Editor's Note: This article was updated May 12, 2022, with Gallup's latest data pertaining to Americans' stock ownership.
WASHINGTON, D.C. -- Gallup finds 58% of Americans reporting that they own stock, based on its April Economy and Personal Finance survey. This is slightly higher than the 56% measured in 2021 and 55% measured in 2020 but is not a statistically meaningful increase.
Stock ownership was more common from 2001 to 2008 when an average 62% of U.S. adults said they owned stock -- but it fell after the 2007-2009 recession and has not fully rebounded.
Gallup's measure of consumer stock ownership is based on a question asking respondents about any individual stocks they may own, as well as stocks included in a mutual fund or retirement savings account, like a 401(k) or IRA.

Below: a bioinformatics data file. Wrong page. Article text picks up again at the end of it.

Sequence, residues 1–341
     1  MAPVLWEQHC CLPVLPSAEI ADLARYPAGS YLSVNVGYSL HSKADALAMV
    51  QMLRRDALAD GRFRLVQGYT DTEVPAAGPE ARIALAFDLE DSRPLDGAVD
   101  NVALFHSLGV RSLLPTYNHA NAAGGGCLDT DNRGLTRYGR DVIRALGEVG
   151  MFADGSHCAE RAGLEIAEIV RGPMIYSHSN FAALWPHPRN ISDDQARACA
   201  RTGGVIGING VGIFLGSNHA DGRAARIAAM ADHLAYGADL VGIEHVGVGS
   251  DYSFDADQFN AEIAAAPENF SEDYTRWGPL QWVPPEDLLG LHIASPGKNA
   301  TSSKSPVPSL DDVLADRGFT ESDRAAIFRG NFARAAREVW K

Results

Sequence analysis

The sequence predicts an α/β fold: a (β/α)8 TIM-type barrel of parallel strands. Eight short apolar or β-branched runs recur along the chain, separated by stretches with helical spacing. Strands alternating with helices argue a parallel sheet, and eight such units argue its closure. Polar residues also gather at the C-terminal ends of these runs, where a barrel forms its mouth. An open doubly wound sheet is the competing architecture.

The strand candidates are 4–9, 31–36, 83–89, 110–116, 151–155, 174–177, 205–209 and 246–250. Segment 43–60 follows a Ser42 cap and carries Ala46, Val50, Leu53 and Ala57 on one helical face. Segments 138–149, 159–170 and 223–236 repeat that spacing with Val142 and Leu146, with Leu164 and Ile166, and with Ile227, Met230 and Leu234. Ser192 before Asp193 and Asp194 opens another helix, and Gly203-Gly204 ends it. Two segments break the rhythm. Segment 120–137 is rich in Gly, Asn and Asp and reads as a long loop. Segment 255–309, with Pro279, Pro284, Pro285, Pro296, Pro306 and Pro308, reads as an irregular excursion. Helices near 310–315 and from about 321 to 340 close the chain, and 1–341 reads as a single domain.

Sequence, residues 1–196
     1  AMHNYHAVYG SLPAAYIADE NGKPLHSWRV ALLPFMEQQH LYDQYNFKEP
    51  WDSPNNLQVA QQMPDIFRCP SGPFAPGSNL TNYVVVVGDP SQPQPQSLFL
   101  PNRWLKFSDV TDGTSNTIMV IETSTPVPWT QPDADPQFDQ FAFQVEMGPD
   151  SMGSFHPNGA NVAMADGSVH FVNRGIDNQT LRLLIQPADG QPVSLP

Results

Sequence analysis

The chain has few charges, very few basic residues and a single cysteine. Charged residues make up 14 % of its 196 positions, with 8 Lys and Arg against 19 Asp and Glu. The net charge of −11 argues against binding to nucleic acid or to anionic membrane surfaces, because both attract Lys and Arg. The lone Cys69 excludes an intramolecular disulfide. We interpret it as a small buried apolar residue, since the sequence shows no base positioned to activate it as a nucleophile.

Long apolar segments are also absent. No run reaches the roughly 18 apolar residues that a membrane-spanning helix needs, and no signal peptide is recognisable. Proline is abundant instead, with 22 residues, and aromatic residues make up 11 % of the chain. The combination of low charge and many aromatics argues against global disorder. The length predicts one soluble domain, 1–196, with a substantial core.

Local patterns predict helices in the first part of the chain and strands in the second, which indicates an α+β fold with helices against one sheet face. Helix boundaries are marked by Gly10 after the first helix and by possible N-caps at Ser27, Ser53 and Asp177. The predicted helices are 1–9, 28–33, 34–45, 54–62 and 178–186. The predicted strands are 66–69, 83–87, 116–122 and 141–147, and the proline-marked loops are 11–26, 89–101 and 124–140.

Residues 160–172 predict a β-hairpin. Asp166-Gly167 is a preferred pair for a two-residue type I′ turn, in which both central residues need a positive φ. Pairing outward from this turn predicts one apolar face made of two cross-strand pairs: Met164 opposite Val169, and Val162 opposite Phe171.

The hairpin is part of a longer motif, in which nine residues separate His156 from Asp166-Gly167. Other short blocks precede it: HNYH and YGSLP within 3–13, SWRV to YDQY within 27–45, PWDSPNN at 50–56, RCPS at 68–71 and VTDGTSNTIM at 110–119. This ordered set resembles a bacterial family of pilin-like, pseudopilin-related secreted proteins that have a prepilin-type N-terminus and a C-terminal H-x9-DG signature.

Stock ownership is strongly correlated with household income, formal education, age and race.
In 2022, the percentages owning stock range from highs of 89% of adults in households earning $100,000 or more and 79% of those with postgraduate education to a low of 25% of those in households earning less than $40,000.
Learn more about the decline in U.S. stock ownership since the Great Recession:
U.S. Stock Ownership Down Among All but Older, Higher-Income
Read Gallup's latest release on Americans' views of the best type of investment: